Effectively Prioritizing Tasks

Learn how to balance work distractions from our Executive Assistant, Casey Barton.

As Executive Assistant to the CEO of Wildcard Corp., a man who does anything and everything, it is difficult to plan your entire day and stay focused and on-task. Things come up all day that require immediate attention, or future attention that cannot afford to be forgotten. This results in a lot of natural switch tasking, more commonly known as multitasking.


Multitasking, despite the average opinion, has been known to decrease productivity. When you are constantly having to change your mindset to a different task it can be very draining throughout the day. This can lead to few tasks getting fully accomplished and leave you with a full list of partially completed tasks. Having this happen can be quite daunting and stressful. Can you relate?


So, let's overcome the temptations of multitasking together by going over different strategies of how to handle a variety of tasks throughout the workday. An average day may contain tasks such as emails, meetings, various projects, and of course those interruptions that come up from co-workers. Although there are many other variations of tasks which require different techniques, I am going to focus on those I handle on a regular basis.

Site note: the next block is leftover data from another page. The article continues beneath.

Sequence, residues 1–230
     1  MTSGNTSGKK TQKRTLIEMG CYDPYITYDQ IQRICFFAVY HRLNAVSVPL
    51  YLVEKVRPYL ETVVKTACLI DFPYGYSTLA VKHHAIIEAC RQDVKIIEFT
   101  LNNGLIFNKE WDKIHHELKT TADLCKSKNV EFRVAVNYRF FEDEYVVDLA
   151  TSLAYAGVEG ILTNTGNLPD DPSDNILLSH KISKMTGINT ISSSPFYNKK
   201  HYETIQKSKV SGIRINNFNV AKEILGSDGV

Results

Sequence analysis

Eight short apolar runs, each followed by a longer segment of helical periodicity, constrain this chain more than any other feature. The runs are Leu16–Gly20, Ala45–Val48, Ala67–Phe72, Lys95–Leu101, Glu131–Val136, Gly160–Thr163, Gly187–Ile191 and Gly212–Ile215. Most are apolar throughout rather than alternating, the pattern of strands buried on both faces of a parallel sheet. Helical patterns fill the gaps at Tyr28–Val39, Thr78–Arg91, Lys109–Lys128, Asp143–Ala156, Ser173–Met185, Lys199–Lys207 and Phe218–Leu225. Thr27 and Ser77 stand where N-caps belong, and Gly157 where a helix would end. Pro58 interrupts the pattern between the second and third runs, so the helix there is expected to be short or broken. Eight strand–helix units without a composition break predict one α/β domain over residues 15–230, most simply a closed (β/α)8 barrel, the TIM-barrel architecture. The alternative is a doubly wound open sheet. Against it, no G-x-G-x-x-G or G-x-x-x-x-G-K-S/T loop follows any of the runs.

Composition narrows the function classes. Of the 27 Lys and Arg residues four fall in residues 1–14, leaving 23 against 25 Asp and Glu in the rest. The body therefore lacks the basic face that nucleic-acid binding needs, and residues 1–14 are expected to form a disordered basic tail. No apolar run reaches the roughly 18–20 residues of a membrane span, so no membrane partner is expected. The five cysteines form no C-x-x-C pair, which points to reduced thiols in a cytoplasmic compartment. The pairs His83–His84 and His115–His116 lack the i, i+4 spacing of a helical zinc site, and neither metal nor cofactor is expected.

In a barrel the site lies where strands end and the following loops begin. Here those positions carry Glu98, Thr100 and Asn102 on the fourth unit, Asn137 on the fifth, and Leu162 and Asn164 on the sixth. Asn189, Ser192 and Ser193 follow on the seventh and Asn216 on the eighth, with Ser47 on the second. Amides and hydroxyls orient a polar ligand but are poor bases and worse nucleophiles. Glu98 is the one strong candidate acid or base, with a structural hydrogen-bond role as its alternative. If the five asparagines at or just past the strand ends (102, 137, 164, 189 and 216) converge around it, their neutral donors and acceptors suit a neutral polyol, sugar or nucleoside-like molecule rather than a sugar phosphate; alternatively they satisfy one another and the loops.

First things first, emails are a big part of my day being in an administrative role. I follow many different company emails which get updates from different departments and results in lots of emails. These email notifications that come throughout the day most often are not in need of immediate attention. To help limit these distractions turn off those unnecessary notifications. This rule goes with your phone too. Notifications are the ultimate distraction. Now, we can’t ignore our email forever, so schedule a time dedicated to checking email.


Try not to jump ahead and start responding to them one at a time or clicking on links that take you to other web pages and articles. Instead, start creating calendar events or tasks with certain emails that need extra attention or links you would like to explore. This will help you stay focused on one process at a time and not get distracted from responding to an email from a customer to a social media article and back to an email about that same customer project.


Do you save emails? Make sure not to clutter your inbox, use the archive so you aren’t distracted by emails you have already attended to. In the archive, you can easily search and find emails when you need them for the future.



"Meeting" is a word no one enjoys hearing. It is usually accompanied by thoughts like “there goes another hour of my day” or “does this really need to be a meeting rather than a conversation?”  Despite everyone’s dread for meetings, they can be a vital part of communication in your company, if done right. Ultimately, if you are the organizer, ask yourself “is a meeting necessary”? If there is any question about this answer, don’t create a meeting invite. Instead, see what tasks you can assign to team members and have them report to you rather than getting everyone together to divide up those tasks.

"Use your calendar as your to-do list."